First Day on the Job: An Interesting Hand

So yesterday, Monday September 12th, was my first day on my new job at Hollywood Park Casino. I haven’t left my old employer, Normandie Casino, but as the start of the year they announced they were cutting my pay. Then they cut my hours down to part time. Meanwhile, Hollywood Park starting hiring part time. So I pieced together to pay time positions to make one full time position. As it stands now, if all I do is break even at the game of poker, I’ll we working 46 hours for $1270 a week. Which, given the current economic situation, is really nice.

Now first days on the job are interesting, but I don’t know if it’s ever been quite like this. You see, casinos tend to be run pretty loosely, and that applies doubly so for how they treat house players. Most of time your “orientation” is nonexistent and you just start to pick up habits from other house players in a “monkey see, monkey do” fashion. And, of course, I’m coming from a different casino with different habits. At the Normandie it was appreciated if I helped out in running chips for players, because they ended up getting rid of their chip runners. Not that anyone asked me to, but often I was just sitting around anyway. Another related habit I picked up was “echoing” a call for player checks or food service so the designated people could more rapidly attend to the patrons.

So here I am, my first day on the job, carrying on my old habits. A player busts out, and I’m already calling for the chip runner. As I settle into a $3-5 No-Limit game,  I see one of the long time former hosts of Hollywood Park who has recently be made just another house player like me. You see, Hollywood Park used to have a group of three or four hosts on staff who were responsible for individual games. They would gather player information and call them up to get them to come in and play with them.  This particular guy used to be the host of the big NL game, and this was the first time I was really playing with him. I looked forward to playing some pots with him.

The first hand to come up was when I had pocket 8s in the cutoff. It was his big blind, so I brought it in for a $15 raise. He immediately raised it to $50. I reasoned that he figured me for a stealing hand much weaker than I possessed, so I called. The flop came 5 9 10, two tone (if I recall correctly) and he fires out another $50. I was expecting him to do this with his entire range, and I figure I’m ahead of all of his broadway hands, so I call again. The turn brings and Ace and he fires in $90. At this point, I don’t figure I’m ahead of much, so I laid it down.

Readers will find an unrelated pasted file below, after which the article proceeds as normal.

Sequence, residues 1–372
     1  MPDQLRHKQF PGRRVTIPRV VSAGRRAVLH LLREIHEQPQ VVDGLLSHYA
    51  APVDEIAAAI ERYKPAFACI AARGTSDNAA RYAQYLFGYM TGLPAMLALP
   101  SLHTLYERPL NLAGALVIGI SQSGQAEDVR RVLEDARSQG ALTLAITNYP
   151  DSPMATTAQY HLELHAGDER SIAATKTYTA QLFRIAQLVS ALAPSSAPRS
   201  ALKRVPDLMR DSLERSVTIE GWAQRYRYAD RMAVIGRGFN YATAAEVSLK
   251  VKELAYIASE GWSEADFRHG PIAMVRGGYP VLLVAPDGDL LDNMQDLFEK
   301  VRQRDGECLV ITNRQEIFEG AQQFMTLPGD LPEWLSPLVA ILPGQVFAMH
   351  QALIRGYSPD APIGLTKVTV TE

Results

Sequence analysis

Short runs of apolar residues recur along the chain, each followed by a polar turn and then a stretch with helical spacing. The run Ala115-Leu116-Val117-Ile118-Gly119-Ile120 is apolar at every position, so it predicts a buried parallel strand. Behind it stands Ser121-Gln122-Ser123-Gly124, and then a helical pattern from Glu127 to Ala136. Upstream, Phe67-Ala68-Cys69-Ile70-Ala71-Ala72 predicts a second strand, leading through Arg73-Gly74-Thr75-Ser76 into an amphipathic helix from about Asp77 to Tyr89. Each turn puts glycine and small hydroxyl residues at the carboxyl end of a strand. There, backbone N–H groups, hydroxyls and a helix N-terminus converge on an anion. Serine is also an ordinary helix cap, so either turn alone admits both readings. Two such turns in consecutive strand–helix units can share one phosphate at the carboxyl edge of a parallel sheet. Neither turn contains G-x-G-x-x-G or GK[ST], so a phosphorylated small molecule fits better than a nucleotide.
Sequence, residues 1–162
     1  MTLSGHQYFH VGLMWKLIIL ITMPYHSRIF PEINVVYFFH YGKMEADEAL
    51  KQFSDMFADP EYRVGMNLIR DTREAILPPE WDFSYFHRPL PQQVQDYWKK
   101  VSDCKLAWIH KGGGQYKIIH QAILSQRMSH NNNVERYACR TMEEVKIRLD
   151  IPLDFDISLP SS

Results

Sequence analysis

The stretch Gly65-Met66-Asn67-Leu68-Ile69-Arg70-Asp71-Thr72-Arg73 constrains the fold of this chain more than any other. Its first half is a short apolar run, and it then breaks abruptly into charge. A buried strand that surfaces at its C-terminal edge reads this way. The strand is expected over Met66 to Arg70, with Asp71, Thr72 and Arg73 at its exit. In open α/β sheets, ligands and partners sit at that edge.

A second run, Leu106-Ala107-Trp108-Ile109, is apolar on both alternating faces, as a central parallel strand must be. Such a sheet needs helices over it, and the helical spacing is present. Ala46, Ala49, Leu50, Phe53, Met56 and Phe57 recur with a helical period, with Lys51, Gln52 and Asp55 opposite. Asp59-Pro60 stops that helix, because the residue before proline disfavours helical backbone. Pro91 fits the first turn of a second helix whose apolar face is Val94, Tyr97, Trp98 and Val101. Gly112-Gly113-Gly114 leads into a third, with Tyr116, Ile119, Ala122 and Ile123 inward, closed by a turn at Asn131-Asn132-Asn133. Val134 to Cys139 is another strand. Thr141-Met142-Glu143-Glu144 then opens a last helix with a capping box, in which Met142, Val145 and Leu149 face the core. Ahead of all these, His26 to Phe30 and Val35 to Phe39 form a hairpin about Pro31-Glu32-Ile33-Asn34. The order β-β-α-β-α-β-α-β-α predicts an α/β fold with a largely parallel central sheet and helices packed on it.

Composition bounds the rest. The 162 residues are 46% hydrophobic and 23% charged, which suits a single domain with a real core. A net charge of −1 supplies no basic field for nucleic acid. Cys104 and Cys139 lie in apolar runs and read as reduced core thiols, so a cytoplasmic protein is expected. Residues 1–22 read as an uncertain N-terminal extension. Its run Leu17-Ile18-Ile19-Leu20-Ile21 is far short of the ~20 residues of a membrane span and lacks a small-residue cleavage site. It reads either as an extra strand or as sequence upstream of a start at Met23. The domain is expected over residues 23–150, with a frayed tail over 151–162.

I did file his aggression away for future hands. It seemed to me that he had inspired some other players in the hand to make squeezes from early position with what I term “elephant stomp” bets that were designed to end the action and take down the pot now, and they seemed to be a bit too large quite frankly. If it’s a limped pot, of all of $15, why make it $60? A smaller raise to $35 can get the job done for half the risk. I felt the table was making bet sizing errors I could exploit later.

Then this hand came up. I had about $250 in front of me when I got two red Kings in the cutoff. A player had straddled, everyone else had folded, and it was my rival’s big blind. I just limped along figuring that if squeezing action came later, that they might not give me credit for a high hand since I limped in from such later position. Much to my chagrin, the villain just completed the BB and the straddler checked his option. There was $30 in the pot, when the flop came Ad, Jd, 6h.

This was not a flop I was in love with as it had an Ace on it. They both checked and to me and I checked along expecting to bet the turn if they all checked again. The turn paired the board 6 with a 6 of clubs. The villain checked, the straddler lead out $20, which I called, when the villain (who had about $200 in front of him) raised to $80. The straddler folded, and left me with a tough decision to make.

Clearly the villain was an aggressive player when he decided to take charge of the hand, but the aggression in the hand seemed quite late indeed. I studied his beat sizing. Why raise $80 into a pot of $55? I called for time as I pondered the question. Clearly, to me, it seemed that this raise was designed to take down the pot immediately. I then asked myself with what kind of hand would he do that. It seemed to me that he had neither an Ace nor a 6, so I called the $80. The turn brought an offsuit queen and he showed all in for another $120 or so. I called and he showed me QJ for two pair, which meant my pocket Kings were good with the pair of 66s on the board.

A lot of people remarked their surprise at my holding as I was stacking the chips. I just smiled and went on about my business. The next day I was playing with him again and he mentioned that there was a particularly loose player in one of the games yesterday. I jokingly added, “Yea, and there was that calling station who called you down with damn near anything in that one hand.”

“Oh no,” he said. “I wasn’t upset with how you played that hand. I was upset by the result. I went home and analyzed that hand, and you just outplayed me.”

That was both good and bad to hear: good to to hear because it was a compliment; bad to hear because it implied he would be making adjustments to his play.

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